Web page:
Computer-Assisted Navigation in Total Knee Arthroplasty (TKA)

March 03, 2015

Total Knee Arthroplasty (TKA) is a clinically successful and cost-effective treatment designed to improve a patient’s quality of life after a full knee replacement. However, patients today have higher expectations from their knee replacement treatments, including relief from pain, straight legs without any unnatural curve, and fully-restored ability to bend the knee and walk. In addition, patients want to be able to perform all of their routine daily activities quickly without any limitations after they have undergone a knee replacement. Most importantly, patients expect the replacement knee to last for the rest of their lives without the need for any further surgery. 

In some cases, however, patients continue to experience pain after their knee replacement surgery and require corrective surgery. The most common problems are caused by improper positioning or alignment of the implants during the surgery resulting in patients having a restricted or inadequate range of motion in the artificial joint. This leads to the knee joint being stiff with the patient unable to bend or extend the knee fully. An unstable prosthetic knee can also prevent the patient from being able to walk properly or will cause pain while walking due to a loosening of the component. Even though knee replacement surgery is performed by a specialist, it is a very difficult procedure and the implants can be improperly aligned in approximately 20-30% of the cases.
Computer-assisted navigation surgery has been performed in orthopedic procedures for more than 10 years. It has been proven that computer-assisted surgery leads to better prosthetic alignment and a higher degree of accuracy than can be achieved from traditional surgery with standard instruments. According to research, total knee arthroplasty performed with computer-assisted navigation achieved accurate implant alignment in 94% of the cases, compared with 78% in the conventional group.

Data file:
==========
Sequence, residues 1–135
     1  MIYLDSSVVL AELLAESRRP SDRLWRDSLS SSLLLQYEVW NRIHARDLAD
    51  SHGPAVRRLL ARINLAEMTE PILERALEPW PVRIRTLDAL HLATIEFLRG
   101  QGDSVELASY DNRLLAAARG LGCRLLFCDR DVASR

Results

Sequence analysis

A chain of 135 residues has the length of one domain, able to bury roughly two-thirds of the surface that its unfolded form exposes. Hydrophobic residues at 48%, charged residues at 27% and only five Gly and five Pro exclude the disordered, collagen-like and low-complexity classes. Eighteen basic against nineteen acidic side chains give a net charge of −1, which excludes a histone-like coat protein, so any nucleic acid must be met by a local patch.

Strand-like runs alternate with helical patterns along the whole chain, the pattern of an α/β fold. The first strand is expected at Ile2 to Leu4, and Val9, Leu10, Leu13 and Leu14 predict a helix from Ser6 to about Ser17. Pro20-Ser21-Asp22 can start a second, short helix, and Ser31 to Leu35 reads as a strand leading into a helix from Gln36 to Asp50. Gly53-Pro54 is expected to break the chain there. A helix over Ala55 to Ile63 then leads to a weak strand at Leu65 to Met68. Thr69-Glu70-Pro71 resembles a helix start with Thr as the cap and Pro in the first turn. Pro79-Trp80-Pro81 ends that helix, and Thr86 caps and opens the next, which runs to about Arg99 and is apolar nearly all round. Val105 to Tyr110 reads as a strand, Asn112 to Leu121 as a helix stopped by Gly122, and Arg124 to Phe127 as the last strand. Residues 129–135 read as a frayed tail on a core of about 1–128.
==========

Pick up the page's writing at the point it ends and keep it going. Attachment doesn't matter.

Computer-assisted navigation has been developed to assist and enhance total knee arthroplasty procedures by improving the accuracy of joint alignment, extending the life of the implants, increasing the accuracy of soft tissue balance during surgery, and creating a more natural-feeling prosthetic knee.  

Total Knee Arthroplasty Surgical Navigation Tool

With the surgical navigation technology, the surgeon uses wireless trackers to send information about the patient’s knee anatomy to the system’s computer during the surgery. The computer produces a 3-dimensional model of the knee joint in real time during the surgery, enabling the surgeon to accurately remove damaged bone surfaces and make a precise implant placement based on the detailed data from the computer. The surgeon can evaluate the precision of the placement at the time of the surgery as the trackers send joint movement data to the system’s computer for data processing to provide real time evaluation. 
This computer-assisted navigation technology can prevent or reduce improper joint alignment, extend the life of the implants, achieve an accurate soft tissue balance, and enable the patient to use the artificial joint properly and naturally after the procedure.
If you are experiencing joint pain in your knee, you do not need to suffer any longer. Contact our experienced team of specialists at the Joint Center of Bumrungrad to discuss the best course of treatment for you, including both non-surgical and surgical options.
By  Joint Replacement Center of Bumrungrad International Hospital 
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